As my second year came around, I got hired on to be a resident advisor (RA). Still involved in all my outside activities, I found myself not finding enough time in the day for each responsibility. My jobs as an RA quickly became my biggest struggle in starting up my emotional eating. After every hard mental health issue or every intoxicated resident needing to be transport to the hospital (which can go till 4am in the morning), I found myself using my plus dollars towards a huge cup of frozen yogurt. I was so emotionally attached to things going on around me; I would use these opportunities to try to find some comfort in food. 3,000 calories later, I would wake up in the morning feeling sick, ashamed of myself, and fearing the day ahead. I would make every hour of my day filled with class, work, coffee dates, sorority stuff, and church just so I could keep my mind off of food. By the time the night came around, I would have a pile of homework that needed to be done, but I was too afraid to try to study without my mind redirecting to food for comfort. In that time of exhaustion and frustration, I would binge. Binge because I was on-call and had to do community walks till 3am or just stressed that I couldn’t focus on schoolwork in between those walks. In the first quarter back at Cal Poly, I had gained 22 lbs. I constantly compared how involved my other peers were and wondered how they could do the same without being this way. It then dawned on me. I binged because I tried to control myself not to binge. I was running 100 mph because I tried to stay at the same pace as everyone else around me at school.

Why do we as college students feel the need to uphold this busyness? It stems from the fear of facing our turmoil. Busy strives, going to unhealthy extremes. If we stay busy, we don’t have time to face our emotions, right? Even while doing a whole lot of good, purposeful work, but never resting can leave us exhausted, going through the motions to try to get through. We are full, packed, booked, needed, scheduled, and pulled from all directions. Busy covers our emptiness, or at least it did for me. Busy says I am in control; at least until night comes around when the busyness ends and my emotions ran straight for the fridge. There is a stigma behind binge eating disorder as a “lesser” eating disorder; it’s a common misconception that anorexia and bulimia are truly medical afflictions, while binge eating is just a lack of self-control. So whatever I did, I tried to hide what was going on. I continued trying to control my life to an extreme to avoid judgment and shame of my messy eating. I let our society flood my mind with unattainable expectations of what success and happiness looked like and with that, kept my eating a secret. The mental mind game weighed me down; it’s hard to shake when it is literally stuck to your body. Finally I broke and told one person in each friend group and staff. I asked them to hold me accountable and call me out when I started to “save food for later” (something I would say when I bought two tubs of my favorite ice cream).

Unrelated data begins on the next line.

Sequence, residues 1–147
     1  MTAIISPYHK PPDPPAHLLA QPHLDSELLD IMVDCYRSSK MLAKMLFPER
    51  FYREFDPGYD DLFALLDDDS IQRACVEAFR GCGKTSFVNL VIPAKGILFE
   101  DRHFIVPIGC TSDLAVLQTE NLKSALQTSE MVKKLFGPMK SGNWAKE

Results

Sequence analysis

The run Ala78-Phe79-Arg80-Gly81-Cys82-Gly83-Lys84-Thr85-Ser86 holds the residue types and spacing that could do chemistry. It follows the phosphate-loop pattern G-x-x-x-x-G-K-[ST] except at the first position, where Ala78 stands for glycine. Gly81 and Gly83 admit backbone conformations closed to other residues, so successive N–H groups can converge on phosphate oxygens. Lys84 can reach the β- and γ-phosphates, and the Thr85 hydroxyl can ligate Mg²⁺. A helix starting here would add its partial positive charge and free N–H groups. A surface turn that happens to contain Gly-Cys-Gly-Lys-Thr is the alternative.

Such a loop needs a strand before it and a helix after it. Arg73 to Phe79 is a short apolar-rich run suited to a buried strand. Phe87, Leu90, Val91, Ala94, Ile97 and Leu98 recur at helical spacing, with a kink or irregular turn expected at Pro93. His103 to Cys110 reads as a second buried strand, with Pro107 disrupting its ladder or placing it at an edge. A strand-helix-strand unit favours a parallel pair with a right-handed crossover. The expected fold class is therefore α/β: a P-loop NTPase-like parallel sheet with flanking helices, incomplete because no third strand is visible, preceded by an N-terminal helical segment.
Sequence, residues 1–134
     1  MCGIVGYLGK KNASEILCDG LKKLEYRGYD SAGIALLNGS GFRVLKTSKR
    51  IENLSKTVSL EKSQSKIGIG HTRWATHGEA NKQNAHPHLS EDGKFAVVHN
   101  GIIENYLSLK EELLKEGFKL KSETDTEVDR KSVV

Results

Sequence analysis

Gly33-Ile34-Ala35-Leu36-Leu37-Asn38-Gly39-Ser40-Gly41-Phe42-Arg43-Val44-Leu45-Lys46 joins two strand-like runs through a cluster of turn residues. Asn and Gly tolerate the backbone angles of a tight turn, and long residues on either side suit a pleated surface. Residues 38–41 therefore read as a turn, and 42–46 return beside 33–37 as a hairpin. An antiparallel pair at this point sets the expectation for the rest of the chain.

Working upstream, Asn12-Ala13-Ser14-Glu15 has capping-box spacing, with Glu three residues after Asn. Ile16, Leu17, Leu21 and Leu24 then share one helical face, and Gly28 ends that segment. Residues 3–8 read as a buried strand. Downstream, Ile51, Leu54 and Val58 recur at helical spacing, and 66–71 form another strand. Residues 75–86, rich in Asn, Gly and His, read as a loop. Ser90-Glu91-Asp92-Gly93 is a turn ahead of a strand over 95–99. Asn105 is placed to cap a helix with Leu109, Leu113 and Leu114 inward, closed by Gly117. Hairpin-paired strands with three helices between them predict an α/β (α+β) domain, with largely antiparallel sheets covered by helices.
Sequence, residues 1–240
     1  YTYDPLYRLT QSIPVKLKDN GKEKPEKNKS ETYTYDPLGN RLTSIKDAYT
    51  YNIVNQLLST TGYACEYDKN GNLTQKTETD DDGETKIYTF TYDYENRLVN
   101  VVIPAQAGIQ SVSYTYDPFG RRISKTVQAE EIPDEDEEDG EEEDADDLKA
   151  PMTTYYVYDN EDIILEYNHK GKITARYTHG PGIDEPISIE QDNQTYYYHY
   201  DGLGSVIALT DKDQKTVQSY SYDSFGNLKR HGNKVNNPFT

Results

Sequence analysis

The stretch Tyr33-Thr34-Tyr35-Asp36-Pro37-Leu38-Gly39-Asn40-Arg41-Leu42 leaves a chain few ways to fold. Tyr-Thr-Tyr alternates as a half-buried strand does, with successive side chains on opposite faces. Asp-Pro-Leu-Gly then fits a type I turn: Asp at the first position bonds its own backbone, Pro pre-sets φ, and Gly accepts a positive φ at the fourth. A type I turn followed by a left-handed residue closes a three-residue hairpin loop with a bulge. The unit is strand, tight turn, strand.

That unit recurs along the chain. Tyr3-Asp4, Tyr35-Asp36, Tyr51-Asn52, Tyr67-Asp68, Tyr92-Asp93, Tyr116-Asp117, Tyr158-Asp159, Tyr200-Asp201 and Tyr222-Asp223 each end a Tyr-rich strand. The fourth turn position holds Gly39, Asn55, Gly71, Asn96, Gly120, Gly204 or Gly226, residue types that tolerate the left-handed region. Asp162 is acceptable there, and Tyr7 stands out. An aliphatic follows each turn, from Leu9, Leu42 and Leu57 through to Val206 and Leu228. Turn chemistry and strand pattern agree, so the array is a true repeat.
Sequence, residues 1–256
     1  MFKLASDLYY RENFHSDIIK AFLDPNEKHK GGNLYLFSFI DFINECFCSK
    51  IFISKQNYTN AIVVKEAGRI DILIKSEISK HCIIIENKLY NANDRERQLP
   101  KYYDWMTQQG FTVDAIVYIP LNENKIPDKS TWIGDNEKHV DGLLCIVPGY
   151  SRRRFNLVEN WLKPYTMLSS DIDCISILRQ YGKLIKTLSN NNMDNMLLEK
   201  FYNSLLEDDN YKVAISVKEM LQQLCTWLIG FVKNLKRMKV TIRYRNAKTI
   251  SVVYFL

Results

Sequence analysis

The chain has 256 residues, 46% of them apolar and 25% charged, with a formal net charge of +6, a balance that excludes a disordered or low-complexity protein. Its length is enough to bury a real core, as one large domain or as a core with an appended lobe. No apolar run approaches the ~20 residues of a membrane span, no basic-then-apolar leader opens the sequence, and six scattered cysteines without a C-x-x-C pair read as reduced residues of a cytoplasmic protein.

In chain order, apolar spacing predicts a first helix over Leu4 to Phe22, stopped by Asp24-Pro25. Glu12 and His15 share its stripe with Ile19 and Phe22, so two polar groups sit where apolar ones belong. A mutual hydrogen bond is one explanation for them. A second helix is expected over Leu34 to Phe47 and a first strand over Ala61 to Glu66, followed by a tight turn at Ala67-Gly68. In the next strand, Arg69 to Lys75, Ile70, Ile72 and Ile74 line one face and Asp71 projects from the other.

I have always struggled with vulnerability. Of course in everyday life, it would be difficult for people to know this about me. I am seen as someone who is quite open and outgoing but what that really meant is that I let people see what I wanted them to see. It’s not the easiest thing to broadcast an eating disorder that consists of a 3,000 calorie binge every night. But embracing vulnerability, as I have discovered myself, opens many doors of opportunity. Without cracking the illusion of my perfect façade, I never would have been able to connect with, and create a space of acceptance and understanding for so many wonder friends that are in my life today.

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Asia Croson